Aggressor Status and its Impact on International Criminal Law Case Selection

23 Pages Posted: 29 Feb 2024

Date Written: February 28, 2024


The laws of war apply equally to all parties to a conflict; thus, a party that violates international law by launching a war is granted the same international humanitarian law rights as a party that is required to defend against the illegal war. This doctrine—known as the equal application doctrine—has been sharply critiqued, particularly by philosophers, who claim the doctrine to be morally indefensible. Lawyers and legal academics, by contrast, defend the equal application doctrine because they reasonably fear that applying different rules to different warring parties will sharply reduce states’ willingness to comply with the international humanitarian law system as a whole. In the two works on which this symposium contribution is based, I have sought to bridge this divide by shifting focus from the application of international humanitarian law rules to the enforcement of those rules. In particular, I developed “the unequal enforcement doctrine,” which would retain the equal application doctrine but would reduce its unfairness by disproportionately prosecuting international criminal offenders from aggressor states. I have developed and defended that doctrine in two full length law review articles, and I have applied the doctrine retrospectively to prosecutorial decisions made in the International Criminal Court (“ICC”) situations. As a result of this analysis, I maintain that although ICC prosecutors did not expressly consider the aggressor status of parties to the conflict when selecting cases, that status has likely been influencing prosecutorial decisions all along, sub silentio. The analysis thus supports my claim that who started a war matters intuitively and profoundly and that the answer to that question has significantly impacted international criminal prosecutions. This piece summarizes my two law review articles: Nancy Amoury Combs, Unequal Enforcement of the Law: Targeting Aggressors for Mass Atrocity Prosecutions, 61 ARIZ. L. REV. 155, 155-204 (2019) and Nancy Amoury Combs, Holding Aggressors Responsible for International Crimes: Implementing the Unequal Enforcement Doctrine, 57 U.C. DAVIS L. REV. (forthcoming).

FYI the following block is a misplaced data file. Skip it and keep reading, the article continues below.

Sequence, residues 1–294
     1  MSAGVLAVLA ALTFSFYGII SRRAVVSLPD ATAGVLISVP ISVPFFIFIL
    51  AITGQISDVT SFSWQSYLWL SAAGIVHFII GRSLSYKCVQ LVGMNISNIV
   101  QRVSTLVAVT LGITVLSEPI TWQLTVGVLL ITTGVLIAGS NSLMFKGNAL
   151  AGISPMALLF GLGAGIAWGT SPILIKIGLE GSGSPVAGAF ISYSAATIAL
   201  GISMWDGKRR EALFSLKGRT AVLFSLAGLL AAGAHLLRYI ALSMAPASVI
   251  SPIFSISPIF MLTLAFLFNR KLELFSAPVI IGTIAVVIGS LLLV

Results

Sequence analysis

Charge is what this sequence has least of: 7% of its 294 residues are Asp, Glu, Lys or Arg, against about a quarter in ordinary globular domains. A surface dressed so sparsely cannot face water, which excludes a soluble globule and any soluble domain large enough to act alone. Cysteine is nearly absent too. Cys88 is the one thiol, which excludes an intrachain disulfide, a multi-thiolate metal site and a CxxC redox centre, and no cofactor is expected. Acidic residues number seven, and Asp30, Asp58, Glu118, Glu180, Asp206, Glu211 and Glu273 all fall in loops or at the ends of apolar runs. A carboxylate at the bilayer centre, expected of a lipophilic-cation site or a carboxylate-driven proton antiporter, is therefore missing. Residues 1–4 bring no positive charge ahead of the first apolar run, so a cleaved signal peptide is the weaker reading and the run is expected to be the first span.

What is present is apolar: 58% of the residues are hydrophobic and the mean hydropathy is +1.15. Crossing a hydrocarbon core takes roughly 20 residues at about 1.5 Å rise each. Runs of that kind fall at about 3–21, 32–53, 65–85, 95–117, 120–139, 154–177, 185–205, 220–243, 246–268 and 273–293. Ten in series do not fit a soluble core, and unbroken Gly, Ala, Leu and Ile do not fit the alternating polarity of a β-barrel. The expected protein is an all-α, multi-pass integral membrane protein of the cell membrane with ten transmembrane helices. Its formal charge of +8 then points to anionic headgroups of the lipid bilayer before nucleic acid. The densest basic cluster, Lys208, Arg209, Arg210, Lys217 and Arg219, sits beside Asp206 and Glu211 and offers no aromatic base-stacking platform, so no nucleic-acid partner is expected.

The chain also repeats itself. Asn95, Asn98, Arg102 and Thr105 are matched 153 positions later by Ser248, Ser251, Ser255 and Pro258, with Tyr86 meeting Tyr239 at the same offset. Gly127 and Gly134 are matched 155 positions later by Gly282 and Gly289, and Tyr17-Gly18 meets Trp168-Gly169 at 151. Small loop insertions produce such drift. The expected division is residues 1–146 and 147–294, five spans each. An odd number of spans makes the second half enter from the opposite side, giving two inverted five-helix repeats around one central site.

Keywords: aggressor status, criminal case selection, Russo-Ukrainian War, criminal law, international law, international criminal law

Suggested Citation

Combs, Nancy, Aggressor Status and its Impact on International Criminal Law Case Selection (February 28, 2024). Pace International Law Review, Vol. 36, No. 1, 2024, William & Mary Law School Research Paper No. 09-482, Available at SSRN:

Nancy Combs (Contact Author)

William & Mary Law School ( email )

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P.O. Box 8795
Williamsburg, VA 23187-8795
United States
757-221-3830 (Phone)

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